FFC 287

Anna-Leena Siikala and Jukka Siikala:
Return to Culture. Oral Tradition and Society in the Southern Cook Islands. Helsinki: Suomalainen Tiedeakatemia (Academia Scientiarum Fennica). 2005. 327 pp.

ISBN 951-41-0965-1 (hardback)
ISBN 951-41-0966-X (paperback)

34 euros (hardback)
29 euros (paperback)

THEORETICAL DISCUSSIONS ON CULTURE and folklore have bifurcated into two major directions. Individualistic interpretations have emphasised performance and culture as being a product of individual strategic choices. Put in a wider social context culture has been reduced to hegemonic tradition in service of the interests of the elites. The analysis of Polynesian cultural practices in this volume reassesses the importance of theoretical understanding of culture which enables an analytic understanding of social action, political structure, narrative practices and thus the culturally constituted life-world of the people.
Pacific oral tradition is not a free-floating and easily circulating “folklore”, but an integral part of social life with direct political consequences. It has not been detached from social life and therefore it is not easily interpretable without a thorough knowledge of the whole cultural system. By analysing a wide range of cultural materials this volume argues strongly for the notion of culture as ordering order which systematically determines the significance of differences.

ANNA-LEENA SIIKALA is Professor of Folklore Studies at the University of Helsinki in Finland. Her studies have been concerned with shamanism, mythology and oral narrating. She has carried out fieldwork in Finland, the Cook Islands, among the Siberian Khanty and other Finno-Ugrian peoples of Russia. Her earlier works include The Rite Technique of the Siberian Shaman (FFC 220, 1978), Studies in Shamanism (Ethnologia Uralica 1992, 1998) with Mihály Hoppál, Interpreting Oral Narrative (FFC 245, 1990) and Mythic Images and Shamanism. A Perspective on Kalevala Poetry (FFC 280, 2002).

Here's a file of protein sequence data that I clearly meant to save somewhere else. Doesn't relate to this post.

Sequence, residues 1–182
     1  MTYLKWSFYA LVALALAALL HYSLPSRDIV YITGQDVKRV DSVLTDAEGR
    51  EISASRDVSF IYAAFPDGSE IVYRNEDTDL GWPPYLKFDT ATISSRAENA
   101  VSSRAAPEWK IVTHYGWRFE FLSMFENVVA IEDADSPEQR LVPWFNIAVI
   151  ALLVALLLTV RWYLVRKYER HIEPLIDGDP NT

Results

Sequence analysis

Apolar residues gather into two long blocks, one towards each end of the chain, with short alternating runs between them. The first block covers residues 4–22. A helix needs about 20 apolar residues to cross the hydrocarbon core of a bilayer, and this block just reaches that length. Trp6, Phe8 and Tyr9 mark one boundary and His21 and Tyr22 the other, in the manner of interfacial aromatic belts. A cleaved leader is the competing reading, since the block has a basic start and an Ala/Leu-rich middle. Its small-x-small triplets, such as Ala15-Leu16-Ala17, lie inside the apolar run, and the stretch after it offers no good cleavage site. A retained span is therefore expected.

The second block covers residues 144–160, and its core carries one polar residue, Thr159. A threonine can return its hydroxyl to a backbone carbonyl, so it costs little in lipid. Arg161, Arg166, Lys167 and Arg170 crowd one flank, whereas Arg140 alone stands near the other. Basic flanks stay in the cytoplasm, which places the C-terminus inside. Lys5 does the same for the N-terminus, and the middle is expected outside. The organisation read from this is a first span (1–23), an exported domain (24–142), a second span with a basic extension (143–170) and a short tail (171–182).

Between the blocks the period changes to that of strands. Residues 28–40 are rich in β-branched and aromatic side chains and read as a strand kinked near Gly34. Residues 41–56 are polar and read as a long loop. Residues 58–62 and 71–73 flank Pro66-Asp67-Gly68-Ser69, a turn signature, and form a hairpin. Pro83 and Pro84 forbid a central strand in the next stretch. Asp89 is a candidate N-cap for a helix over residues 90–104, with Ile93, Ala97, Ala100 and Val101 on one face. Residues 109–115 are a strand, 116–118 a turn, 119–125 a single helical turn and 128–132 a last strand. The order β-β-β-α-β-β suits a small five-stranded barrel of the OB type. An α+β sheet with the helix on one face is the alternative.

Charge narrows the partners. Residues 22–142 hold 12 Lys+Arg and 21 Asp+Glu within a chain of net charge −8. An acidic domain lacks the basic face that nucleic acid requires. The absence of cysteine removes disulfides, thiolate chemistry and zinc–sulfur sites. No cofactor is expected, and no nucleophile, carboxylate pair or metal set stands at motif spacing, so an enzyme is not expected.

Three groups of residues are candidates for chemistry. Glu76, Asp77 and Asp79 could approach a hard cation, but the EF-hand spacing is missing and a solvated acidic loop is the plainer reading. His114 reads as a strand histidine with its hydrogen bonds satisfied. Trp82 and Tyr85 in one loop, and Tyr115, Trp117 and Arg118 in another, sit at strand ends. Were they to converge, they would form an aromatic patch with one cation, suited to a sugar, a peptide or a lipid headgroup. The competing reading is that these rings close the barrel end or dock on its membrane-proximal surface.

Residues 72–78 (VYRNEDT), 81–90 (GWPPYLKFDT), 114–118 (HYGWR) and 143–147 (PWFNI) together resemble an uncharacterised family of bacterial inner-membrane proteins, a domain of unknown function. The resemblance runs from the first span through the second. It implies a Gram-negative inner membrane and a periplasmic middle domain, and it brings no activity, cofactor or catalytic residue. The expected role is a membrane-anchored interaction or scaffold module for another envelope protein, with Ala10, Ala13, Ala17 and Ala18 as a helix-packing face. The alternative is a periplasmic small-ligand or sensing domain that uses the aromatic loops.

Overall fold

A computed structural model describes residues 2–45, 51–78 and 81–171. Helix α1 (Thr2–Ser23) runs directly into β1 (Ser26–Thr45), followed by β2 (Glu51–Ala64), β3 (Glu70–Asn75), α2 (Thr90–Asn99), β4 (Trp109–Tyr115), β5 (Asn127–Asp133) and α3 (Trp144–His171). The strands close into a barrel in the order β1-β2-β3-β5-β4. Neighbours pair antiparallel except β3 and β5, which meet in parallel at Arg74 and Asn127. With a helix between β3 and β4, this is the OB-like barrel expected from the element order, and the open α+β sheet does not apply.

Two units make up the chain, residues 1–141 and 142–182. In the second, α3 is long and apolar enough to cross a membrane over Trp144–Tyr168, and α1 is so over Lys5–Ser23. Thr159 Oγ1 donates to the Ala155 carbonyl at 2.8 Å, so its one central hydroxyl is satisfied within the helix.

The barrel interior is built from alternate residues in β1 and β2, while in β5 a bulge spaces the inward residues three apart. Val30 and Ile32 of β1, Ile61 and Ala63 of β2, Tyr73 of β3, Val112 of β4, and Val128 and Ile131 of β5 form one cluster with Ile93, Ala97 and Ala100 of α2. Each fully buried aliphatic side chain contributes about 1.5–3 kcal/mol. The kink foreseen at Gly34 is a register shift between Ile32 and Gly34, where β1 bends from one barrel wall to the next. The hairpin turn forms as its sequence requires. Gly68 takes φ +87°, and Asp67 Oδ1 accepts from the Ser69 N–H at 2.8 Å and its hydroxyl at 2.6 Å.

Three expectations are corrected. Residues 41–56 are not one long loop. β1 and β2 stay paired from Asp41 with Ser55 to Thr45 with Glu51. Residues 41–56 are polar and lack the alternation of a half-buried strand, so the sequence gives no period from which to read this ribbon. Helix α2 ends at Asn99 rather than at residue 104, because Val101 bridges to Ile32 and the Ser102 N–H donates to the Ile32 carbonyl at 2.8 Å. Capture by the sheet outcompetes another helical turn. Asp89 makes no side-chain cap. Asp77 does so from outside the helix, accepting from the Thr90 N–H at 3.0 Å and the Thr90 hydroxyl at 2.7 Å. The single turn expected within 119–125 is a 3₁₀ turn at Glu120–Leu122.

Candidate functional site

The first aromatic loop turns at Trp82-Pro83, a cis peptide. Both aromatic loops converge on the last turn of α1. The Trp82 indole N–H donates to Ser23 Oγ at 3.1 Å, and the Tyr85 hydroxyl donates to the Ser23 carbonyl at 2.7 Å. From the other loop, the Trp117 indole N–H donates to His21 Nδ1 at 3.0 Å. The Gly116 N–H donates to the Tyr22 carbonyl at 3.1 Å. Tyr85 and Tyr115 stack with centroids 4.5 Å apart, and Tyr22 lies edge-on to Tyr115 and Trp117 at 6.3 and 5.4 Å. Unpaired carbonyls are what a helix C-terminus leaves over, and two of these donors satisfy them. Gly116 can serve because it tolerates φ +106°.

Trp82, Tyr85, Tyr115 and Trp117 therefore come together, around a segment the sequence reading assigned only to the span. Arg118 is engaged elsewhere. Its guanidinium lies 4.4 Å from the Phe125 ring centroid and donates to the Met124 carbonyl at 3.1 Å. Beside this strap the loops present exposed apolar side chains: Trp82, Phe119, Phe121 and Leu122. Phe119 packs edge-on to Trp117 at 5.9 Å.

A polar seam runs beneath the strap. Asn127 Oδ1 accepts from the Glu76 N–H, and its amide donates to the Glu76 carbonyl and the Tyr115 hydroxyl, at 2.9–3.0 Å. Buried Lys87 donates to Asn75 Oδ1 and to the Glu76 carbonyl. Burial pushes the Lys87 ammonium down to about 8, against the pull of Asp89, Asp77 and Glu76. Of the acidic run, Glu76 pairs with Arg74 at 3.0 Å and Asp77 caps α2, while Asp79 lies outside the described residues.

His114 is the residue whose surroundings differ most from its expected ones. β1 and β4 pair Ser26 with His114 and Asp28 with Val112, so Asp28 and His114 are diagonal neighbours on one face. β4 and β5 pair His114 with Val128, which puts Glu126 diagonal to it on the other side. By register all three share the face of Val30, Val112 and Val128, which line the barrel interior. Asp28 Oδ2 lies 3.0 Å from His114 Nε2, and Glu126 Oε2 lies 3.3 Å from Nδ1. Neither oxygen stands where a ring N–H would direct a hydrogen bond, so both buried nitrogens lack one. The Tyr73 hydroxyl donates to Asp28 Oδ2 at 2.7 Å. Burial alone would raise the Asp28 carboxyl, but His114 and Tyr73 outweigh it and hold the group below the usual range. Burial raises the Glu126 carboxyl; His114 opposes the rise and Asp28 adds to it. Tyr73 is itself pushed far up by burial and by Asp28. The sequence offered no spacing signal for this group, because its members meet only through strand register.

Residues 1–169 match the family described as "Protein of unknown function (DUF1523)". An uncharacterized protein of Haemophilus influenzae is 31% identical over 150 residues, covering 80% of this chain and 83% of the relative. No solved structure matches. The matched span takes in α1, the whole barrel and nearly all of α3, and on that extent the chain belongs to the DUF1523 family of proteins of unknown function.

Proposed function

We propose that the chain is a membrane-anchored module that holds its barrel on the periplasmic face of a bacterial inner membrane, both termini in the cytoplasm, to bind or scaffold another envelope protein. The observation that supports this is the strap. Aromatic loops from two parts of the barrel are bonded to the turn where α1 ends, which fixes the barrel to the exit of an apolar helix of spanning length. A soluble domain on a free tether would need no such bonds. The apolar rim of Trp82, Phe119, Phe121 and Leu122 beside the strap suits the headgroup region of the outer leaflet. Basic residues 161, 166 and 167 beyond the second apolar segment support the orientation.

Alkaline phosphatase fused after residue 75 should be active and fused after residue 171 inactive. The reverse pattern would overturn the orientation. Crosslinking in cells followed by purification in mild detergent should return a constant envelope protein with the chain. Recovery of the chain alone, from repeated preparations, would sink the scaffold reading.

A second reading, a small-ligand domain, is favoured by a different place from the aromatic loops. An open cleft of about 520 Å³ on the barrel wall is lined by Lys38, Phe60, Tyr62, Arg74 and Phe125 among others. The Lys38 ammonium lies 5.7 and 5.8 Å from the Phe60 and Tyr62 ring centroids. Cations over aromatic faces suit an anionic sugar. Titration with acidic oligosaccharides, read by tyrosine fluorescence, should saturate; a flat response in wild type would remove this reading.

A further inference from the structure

JUKKA SIIKALA is Professor of Social Anthropology at the University of Helsinki in Finland. He has studied the colonial history and culture of the Pacific and he has done extensive fieldwork in the Cook Islands during the last 20 years. His publications include Cult and Conflict in Tropical Polynesia (FFC 233, 1982) and ‘Akatokamanava: Myth, History and Society in the Southern Cook Islands (The Polynesian Society 1991).

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